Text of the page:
CEI Files Amicus Brief in Support of Returning Funds to Black Farmers Discriminated Against by the USDA
Today, the Competitive Enterprise Institute’s Center for Class Action Fairness (CCAF) filed an amicus brief arguing unclaimed funds from the settlement in In re Black Farmers Discrimination Litigation should be returned to class members, black farmers who alleged racial discrimination by the U.S. Department of Agriculture (USDA) when it denied them farm loans and other benefits between 1981 and 1996. The settlement stems from a 1999 lawsuit called Pigford v. Glickman, where more than $1 billion was distributed to thousands of farmers, making it one of the largest civil rights settlements to date.
“The defendant and the class counsel in this case are arguing that the approximately $9 million in remaining settlement funds should be donated to an unrelated third party, also known as a cy pres distribution,” said CCAF attorney Adam Schulman. “CCAF seeks to provide a voice for absent class members’ interests. As funds obtained through settlement of their claims, these funds belong to class members, the farmers who faced discrimination. Giving the defendant’s money to someone else does not benefit class members at all, and the true choice in this case is to either give the remaining funds to some of these farmers or none at all.”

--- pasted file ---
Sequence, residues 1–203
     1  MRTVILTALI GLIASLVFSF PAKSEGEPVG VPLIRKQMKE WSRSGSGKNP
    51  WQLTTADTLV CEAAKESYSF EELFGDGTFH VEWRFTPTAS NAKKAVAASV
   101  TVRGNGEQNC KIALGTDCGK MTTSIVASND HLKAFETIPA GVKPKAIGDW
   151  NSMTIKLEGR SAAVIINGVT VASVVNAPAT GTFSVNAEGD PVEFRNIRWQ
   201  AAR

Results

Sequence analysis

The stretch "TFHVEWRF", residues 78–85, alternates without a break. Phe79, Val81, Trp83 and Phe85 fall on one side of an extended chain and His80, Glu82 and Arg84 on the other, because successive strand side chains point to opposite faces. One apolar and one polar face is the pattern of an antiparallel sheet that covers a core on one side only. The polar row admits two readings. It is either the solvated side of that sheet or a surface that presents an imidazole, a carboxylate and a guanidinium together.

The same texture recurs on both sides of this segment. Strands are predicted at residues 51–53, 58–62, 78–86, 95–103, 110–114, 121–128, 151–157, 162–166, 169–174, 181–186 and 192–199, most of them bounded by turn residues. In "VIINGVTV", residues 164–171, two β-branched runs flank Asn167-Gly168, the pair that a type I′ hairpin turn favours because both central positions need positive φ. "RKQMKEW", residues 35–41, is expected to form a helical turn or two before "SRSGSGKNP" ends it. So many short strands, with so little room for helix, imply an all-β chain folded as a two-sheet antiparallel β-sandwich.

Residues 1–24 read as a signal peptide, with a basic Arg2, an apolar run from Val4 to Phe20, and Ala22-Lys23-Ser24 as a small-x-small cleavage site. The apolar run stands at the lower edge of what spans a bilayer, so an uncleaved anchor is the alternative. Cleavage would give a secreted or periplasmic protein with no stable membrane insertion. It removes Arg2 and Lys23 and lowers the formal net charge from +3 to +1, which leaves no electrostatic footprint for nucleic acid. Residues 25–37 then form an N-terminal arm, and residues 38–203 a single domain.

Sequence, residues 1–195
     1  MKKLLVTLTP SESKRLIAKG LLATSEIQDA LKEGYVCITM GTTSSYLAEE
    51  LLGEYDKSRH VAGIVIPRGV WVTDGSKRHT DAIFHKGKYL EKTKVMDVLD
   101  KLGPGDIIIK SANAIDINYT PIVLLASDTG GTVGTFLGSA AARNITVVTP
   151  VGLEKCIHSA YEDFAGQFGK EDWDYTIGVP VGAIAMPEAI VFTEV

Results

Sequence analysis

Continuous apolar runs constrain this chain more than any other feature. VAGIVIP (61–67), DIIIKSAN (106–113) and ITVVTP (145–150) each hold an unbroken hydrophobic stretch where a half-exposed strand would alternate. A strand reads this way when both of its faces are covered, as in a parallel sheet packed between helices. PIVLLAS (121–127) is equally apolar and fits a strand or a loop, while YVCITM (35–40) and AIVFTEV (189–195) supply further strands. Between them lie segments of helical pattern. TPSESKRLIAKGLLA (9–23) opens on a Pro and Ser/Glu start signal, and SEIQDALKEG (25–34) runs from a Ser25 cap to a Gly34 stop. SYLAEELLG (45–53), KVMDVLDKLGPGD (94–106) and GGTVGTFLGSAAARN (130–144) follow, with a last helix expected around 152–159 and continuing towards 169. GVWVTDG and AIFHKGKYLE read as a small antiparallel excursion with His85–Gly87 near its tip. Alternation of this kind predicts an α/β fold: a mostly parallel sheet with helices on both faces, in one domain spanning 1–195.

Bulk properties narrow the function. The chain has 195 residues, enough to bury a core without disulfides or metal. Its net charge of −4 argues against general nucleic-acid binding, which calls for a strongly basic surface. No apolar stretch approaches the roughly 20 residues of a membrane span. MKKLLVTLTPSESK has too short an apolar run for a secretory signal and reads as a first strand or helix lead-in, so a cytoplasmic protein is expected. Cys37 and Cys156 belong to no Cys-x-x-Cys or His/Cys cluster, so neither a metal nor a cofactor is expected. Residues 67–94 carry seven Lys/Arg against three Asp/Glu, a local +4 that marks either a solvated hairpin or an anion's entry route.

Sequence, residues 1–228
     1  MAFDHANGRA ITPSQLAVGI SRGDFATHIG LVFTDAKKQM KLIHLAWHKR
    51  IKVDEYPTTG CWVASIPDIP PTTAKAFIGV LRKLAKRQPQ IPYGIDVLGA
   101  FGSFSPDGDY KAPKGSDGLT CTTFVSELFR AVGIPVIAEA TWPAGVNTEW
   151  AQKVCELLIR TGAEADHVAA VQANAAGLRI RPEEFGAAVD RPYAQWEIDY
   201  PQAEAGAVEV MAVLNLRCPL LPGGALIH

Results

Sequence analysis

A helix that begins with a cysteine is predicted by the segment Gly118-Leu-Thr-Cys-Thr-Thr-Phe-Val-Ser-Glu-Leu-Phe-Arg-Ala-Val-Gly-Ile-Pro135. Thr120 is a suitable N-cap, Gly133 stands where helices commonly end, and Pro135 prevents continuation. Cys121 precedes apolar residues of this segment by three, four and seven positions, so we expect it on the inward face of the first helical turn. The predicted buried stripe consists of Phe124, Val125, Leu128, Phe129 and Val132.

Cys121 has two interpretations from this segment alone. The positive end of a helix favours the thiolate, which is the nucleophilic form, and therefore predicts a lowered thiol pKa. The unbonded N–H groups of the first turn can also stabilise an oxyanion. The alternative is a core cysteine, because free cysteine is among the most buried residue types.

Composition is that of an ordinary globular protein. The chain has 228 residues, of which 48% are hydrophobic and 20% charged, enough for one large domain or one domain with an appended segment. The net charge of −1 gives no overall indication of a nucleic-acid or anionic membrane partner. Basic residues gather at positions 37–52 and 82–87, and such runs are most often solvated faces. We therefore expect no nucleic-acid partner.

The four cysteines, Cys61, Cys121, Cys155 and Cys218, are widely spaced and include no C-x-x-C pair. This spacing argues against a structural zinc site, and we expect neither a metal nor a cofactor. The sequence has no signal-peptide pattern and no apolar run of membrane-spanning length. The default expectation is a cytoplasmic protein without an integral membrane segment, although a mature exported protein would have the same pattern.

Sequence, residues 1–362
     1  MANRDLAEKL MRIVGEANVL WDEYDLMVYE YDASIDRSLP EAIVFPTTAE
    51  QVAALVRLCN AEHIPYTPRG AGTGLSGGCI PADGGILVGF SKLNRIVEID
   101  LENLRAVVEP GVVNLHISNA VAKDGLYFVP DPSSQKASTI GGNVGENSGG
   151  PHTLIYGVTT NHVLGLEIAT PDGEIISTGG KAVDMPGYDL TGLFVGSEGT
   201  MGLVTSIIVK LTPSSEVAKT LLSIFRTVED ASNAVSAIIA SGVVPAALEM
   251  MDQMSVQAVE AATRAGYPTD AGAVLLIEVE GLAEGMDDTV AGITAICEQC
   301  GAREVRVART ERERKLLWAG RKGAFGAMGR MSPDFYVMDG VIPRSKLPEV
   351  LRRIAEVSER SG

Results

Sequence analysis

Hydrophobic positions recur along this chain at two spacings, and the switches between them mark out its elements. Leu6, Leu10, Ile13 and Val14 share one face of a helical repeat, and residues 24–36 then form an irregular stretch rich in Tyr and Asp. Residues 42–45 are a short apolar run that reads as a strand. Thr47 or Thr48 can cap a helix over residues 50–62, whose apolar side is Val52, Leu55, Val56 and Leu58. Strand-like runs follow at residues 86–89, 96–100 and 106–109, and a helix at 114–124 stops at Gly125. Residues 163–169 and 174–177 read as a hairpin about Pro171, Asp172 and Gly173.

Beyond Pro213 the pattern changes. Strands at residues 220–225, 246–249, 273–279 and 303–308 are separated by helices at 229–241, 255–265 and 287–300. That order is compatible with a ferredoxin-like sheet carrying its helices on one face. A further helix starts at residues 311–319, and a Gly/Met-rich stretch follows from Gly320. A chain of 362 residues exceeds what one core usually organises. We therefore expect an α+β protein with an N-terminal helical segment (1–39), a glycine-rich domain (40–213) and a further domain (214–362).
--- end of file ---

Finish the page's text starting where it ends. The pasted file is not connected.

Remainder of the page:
After the original Pigford settlement, thousands of farmers filed claims late and their claims were not heard. As a result Congress inserted a provision in the 2008 Farm Bill that provided these late-filing farmers the right to pursue their discrimination claims. The remaining $9 million stems from a 2010 settlement, where Congress appropriated additional funds to settle these claims, called Pigford II.
“We urge the court to reject any cy pres proposed in lieu of a direct benefit to the class via a secondary distribution to the farmers involved,” said Schulman. “We believe the rightful preference of compensating the class members has even more force in this case than others because of the Congressional intent underlying the claims resolved by this settlement.”
>> View the motion and the amicus brief in the Black Farmers Discrimination Litigation here.
>> For more information about the litigation visit the court’s informational website about the settlements here.